The holidays conjure images of jubilant gatherings with family and friends, great food, good cheer, and decorations to dazzle and delight. We are bombarded with social media, advertisements, and sugary sweet holiday movies that make the promise that everything works out in the end and all can be cured with a little holiday spirit.
Wow, even typing that felt like a lot of pressure! I don’t know about you, but even in the best of times my holidays have never been so simple or so sweet.
For someone in the midst of grief, holiday cheer can feel a lot like toxic positivity. The pressure to be happy, well organized, and have a perfect holiday can provoke anxiety, feelings of overwhelm, and intense sadness. It can be enough to make one want to sit the holidays out. However, if you want to participate in the holidays after loss there are ways to make it more manageable.
1. It’s okay to go with the flow
When the actual holiday comes along, let yourself do whatever feels best. If you want to cry in bed all day allow yourself to do it. If you want to keep the party smaller this year, that is fine too. You get to decide what you can handle and what feels best for you.
2. It’s okay to have plan on leaving early
You are allowed to go to an event with a timeframe in mind. You can tell the host you can only stay for a bit or plan to leave early. If you feel like staying longer once you are there, it will be a pleasant surprise. When traveling, if staying with others feels too overwhelming, you can plan to grab a hotel so that you can have a place to retreat.
3. It’s okay to include your grief and your missing loved one.
Sometimes allowing grief a seat at the table can be helpful. Even allowing a small bit of time during the holidays by going for a walk, journaling, or creating a meaningful piece of art can be a way to connect with the loved one you are missing. When gathering with others, have everyone share a special memory of the lost loved one. Write your loved one a letter. Have their picture displayed in the room where everyone is gathering or make their favorite recipe.
4. It’s okay to take breaks from social media.
Seeing perfect images of perfect people is not helpful when you are feeling anything but perfect and those images aren't even real. Also, you don’t have to watch holiday movies just because it's the holidays. I have a dear friend who loves Christmas and listens to Christmas songs all summer long. It isn't for me, but I appreciate how she honors her feelings even if the music doesn't feel appropriate for the time or setting. If she can listen to Christmas music in the summer, you can listen to whatever you want during Christmas whether that be Adele or heavy metal.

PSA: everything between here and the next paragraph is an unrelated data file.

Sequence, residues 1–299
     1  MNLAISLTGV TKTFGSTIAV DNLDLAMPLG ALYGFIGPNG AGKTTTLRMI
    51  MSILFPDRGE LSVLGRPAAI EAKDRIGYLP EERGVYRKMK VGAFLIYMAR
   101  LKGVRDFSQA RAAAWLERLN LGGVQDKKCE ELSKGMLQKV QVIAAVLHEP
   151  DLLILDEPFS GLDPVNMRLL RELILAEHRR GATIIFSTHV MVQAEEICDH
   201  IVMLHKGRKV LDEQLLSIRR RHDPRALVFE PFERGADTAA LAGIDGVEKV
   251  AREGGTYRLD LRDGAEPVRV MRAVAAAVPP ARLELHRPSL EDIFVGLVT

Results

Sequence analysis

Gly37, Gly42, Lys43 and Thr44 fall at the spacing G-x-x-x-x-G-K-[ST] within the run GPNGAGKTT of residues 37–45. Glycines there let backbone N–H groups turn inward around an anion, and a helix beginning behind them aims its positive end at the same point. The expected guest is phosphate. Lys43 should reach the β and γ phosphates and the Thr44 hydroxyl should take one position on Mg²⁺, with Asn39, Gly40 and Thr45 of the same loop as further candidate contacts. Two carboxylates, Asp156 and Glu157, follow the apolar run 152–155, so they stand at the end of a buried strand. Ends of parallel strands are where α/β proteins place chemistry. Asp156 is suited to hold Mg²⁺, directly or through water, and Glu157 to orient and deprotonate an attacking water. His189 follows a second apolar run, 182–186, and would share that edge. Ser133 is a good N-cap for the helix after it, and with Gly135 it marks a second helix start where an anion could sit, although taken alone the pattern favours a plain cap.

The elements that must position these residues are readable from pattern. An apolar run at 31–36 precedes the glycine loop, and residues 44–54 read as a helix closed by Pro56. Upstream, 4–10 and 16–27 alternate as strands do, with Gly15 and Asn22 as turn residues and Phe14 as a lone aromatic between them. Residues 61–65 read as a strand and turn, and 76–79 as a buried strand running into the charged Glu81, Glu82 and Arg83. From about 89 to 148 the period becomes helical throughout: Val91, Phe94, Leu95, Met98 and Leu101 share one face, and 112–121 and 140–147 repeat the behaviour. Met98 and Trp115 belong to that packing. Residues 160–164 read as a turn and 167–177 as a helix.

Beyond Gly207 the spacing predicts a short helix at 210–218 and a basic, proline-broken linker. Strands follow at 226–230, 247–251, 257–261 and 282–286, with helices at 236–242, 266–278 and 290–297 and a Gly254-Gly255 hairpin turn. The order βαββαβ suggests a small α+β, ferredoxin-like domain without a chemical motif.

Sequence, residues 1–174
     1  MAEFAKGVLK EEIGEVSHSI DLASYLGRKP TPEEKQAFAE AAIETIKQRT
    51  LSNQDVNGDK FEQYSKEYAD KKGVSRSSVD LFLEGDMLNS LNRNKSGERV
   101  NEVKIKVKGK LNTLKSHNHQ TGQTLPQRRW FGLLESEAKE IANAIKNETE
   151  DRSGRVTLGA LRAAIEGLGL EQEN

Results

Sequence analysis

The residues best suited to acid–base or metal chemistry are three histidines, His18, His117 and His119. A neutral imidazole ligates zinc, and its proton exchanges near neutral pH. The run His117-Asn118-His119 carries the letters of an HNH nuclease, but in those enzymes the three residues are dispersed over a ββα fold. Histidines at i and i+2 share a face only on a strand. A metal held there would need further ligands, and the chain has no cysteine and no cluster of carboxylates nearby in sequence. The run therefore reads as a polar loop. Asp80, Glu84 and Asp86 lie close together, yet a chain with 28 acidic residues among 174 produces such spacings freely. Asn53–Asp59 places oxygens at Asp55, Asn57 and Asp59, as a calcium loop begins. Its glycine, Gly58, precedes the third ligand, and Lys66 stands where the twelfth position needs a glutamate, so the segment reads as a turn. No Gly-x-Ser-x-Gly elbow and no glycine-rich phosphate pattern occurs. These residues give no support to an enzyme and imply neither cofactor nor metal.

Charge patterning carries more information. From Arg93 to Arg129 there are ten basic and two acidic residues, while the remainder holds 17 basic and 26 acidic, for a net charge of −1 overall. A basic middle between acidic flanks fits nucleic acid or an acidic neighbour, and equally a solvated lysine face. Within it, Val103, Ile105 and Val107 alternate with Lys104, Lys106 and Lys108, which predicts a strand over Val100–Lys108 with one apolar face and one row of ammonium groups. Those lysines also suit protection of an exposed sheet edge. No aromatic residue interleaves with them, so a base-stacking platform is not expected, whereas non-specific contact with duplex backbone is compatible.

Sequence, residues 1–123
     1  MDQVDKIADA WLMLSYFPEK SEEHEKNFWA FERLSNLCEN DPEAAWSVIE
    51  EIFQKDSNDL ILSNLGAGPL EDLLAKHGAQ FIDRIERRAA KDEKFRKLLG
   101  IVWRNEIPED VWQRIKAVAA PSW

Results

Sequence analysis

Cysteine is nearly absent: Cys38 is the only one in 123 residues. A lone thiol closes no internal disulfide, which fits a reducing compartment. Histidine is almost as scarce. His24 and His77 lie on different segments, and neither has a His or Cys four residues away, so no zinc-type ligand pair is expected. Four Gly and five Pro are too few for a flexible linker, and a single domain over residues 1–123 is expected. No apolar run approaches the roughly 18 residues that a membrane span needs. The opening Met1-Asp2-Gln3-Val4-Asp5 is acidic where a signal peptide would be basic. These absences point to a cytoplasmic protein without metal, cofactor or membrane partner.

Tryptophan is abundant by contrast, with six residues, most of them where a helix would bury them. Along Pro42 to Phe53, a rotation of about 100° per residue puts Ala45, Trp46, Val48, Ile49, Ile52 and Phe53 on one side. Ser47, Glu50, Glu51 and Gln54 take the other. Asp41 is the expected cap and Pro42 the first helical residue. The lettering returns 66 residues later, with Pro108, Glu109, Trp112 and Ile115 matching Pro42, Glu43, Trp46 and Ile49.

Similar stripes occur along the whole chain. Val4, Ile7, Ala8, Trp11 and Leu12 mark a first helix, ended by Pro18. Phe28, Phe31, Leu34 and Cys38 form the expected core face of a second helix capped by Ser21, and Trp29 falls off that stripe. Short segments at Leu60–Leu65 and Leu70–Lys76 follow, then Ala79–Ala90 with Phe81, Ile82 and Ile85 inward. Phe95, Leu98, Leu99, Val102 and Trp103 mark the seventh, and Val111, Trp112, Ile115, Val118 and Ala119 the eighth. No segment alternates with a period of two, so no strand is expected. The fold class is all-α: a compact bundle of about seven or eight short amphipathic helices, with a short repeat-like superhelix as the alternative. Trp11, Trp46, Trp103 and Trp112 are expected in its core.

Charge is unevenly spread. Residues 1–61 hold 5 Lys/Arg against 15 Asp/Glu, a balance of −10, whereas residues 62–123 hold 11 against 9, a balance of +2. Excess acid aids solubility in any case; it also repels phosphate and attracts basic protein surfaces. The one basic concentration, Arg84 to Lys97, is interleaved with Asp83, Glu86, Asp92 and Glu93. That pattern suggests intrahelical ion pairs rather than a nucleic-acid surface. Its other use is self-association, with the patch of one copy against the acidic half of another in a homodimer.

5. It’s more than okay to communicate with others.
It is okay to ask for what you might need. If you know the holidays will be hard for you, explain how you are feeling and ask for help. That might be in the form of requesting a call on a day that you know might be hard for you or asking for someone else to bring the main course this year. A lot of times people don’t know what to do when it comes to supporting others going through grief. They might think bringing your grief up might make things worse or they will say the wrong thing. You might be doing others a favor giving them information on how to support you.
6. If you do spend the holiday alone, and you might, that is okay too.
Spending holidays alone happens, and unfortunately, loosing someone might leave you in this position. If you would like to be in the presence of others, it could be a good day to volunteer, to accept that invitation to an acquaintance's gathering, or go to a place of worship that is meaningful to you. Again, it is okay for this day to feel exactly how this day feels with no expectations.
7. It’s okay if next year is different.
There will be other holiday seasons and while loss has happened and things will be forever altered, the emotions felt can change over time. Grief will be with us for a lifetime in different ways, but just like a stream meanders over rocks and down hills, emotions shift as well as come and go. How loss is experienced this year might be entirely different than in the future.
If you are struggling this holiday season, I send you so much love. I really do. If you need one on one support please reach out.
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Lura Hawkins, LMFT
Licensed Marriage and Family Therapist practicing in California. Lover of animals and poetry.